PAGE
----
April 4, 2017


Please note the positions described in these posts may not reflect official positions of the Creative Commons USA chapter.

  • Open Data and the Refugee Crisis
    By Kennina Ip As debates over the freedom of movement and the tracking of human bodies intensify, technologies continue to rapidly develop to accommodate an increasingly digital world. These technologies have been used in the swift mobilization of material and logistic assistance to respond to natural disasters and to increasing refugee populations. Last year alone, armed conflict in Syria, Sudan, and the Democratic Republic of the Congo brought the worldwide number of refugees to a staggering […]
  • Five Years Into Creative Commons USA
    Five years ago, Creative Commons USA officially launched as an affiliate at the American University Washington College of Law. The goal was to establish a center for expert and legal information around open licensing for policymakers in DC and across the country. Over the past five years, we’ve helped make huge strides towards a culture of openness and sharing in the United States. We’ve worked with passionate advocates across the country and reached thousands of practitioners. Here are just a […]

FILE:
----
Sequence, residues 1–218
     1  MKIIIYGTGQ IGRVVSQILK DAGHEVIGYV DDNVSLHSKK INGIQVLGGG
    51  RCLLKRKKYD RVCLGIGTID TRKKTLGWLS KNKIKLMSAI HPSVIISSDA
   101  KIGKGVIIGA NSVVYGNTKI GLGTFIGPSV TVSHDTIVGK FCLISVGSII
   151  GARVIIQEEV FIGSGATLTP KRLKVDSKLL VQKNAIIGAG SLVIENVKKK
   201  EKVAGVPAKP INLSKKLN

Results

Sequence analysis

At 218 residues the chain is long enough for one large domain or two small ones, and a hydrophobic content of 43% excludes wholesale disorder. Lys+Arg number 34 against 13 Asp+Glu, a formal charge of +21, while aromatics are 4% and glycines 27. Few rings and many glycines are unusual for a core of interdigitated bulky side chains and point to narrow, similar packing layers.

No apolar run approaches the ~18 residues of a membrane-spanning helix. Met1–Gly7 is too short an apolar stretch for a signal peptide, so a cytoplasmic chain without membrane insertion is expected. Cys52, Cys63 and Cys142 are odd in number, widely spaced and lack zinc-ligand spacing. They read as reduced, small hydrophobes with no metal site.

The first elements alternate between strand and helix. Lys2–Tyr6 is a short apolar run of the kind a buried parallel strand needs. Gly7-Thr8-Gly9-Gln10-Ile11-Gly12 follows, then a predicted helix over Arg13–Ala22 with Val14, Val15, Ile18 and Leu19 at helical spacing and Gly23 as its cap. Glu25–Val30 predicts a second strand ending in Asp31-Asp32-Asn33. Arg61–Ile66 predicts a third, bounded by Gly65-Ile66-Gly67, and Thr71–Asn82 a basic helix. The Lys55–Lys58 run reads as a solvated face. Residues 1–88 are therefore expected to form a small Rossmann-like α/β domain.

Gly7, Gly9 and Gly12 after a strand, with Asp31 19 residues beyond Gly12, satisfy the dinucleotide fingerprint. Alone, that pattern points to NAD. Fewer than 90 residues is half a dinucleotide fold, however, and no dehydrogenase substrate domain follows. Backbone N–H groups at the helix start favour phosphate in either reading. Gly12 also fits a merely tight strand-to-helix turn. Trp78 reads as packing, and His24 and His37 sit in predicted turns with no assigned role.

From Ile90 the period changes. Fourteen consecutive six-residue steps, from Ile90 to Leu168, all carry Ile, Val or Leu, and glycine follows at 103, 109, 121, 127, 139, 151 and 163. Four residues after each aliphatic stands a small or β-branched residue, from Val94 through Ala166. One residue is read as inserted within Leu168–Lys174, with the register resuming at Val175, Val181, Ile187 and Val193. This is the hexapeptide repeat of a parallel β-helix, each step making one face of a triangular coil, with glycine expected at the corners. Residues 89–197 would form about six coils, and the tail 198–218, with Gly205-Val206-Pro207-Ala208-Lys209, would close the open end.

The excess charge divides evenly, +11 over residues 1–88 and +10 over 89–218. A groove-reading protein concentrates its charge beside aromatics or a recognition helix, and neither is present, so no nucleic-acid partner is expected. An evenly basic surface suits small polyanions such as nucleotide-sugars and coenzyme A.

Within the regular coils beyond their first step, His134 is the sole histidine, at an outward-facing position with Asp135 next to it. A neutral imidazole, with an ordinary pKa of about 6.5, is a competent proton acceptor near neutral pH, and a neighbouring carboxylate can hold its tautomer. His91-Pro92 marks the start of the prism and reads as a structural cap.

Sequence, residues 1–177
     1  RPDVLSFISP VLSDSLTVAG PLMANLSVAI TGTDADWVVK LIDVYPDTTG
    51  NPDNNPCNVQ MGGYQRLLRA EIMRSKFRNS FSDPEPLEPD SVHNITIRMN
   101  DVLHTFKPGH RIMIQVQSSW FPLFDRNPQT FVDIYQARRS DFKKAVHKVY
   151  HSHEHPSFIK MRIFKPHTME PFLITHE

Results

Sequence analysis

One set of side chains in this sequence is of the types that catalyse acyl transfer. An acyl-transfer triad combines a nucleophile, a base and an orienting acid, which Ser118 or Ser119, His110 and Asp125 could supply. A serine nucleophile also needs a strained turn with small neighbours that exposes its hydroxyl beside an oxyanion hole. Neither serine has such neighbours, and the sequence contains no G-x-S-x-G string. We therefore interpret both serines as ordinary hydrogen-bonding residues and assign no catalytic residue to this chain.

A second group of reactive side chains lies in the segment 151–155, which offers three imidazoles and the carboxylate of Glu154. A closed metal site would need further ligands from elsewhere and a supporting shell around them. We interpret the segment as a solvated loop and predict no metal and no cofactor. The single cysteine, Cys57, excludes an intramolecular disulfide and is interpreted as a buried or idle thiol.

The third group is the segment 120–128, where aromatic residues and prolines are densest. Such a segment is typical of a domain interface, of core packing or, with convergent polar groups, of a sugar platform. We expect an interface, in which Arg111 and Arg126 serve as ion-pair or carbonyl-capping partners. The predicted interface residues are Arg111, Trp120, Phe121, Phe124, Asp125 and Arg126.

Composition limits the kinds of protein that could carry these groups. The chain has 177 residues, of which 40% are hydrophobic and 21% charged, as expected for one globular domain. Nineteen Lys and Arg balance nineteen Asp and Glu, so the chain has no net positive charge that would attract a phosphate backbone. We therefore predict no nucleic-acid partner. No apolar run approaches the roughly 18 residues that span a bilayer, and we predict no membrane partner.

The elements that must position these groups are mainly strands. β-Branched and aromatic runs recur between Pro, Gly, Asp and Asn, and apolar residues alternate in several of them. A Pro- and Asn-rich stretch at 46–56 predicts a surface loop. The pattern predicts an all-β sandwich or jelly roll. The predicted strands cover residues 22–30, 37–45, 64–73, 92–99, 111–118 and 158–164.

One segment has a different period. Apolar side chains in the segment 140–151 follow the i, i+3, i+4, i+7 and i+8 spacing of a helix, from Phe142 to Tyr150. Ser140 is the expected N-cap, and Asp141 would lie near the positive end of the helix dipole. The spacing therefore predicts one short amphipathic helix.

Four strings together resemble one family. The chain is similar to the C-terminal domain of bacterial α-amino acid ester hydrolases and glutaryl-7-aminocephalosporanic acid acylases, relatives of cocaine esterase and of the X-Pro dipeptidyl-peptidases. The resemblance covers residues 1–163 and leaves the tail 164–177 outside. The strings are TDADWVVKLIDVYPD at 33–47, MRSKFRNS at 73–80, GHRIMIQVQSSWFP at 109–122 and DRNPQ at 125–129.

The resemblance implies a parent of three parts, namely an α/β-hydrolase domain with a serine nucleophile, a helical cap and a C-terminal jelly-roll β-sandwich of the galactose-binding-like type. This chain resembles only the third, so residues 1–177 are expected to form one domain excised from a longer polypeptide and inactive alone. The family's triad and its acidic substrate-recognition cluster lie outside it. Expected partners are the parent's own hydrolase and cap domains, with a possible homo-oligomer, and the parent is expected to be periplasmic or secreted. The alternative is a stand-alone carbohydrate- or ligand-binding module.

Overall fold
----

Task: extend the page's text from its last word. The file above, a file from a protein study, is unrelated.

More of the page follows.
• M Carroll and Mayya Rezvina of the World BankOpen Licensing at IGOs
    This month, CC’s Michael Carroll presented on openly licensing data at a workshop for Intergovernmental Organizations jointly hosted by the World Bank and UNESCO, with working sessions at the World Bank in Washington, D.C. and at UNESCO headquarters in Paris.  The World Bank has updated its policies to use the Creative Commons Attribution 4.0 International License for publications and data produced by the Bank.  This license permits full reuse of the material so long as the World Bank is […]

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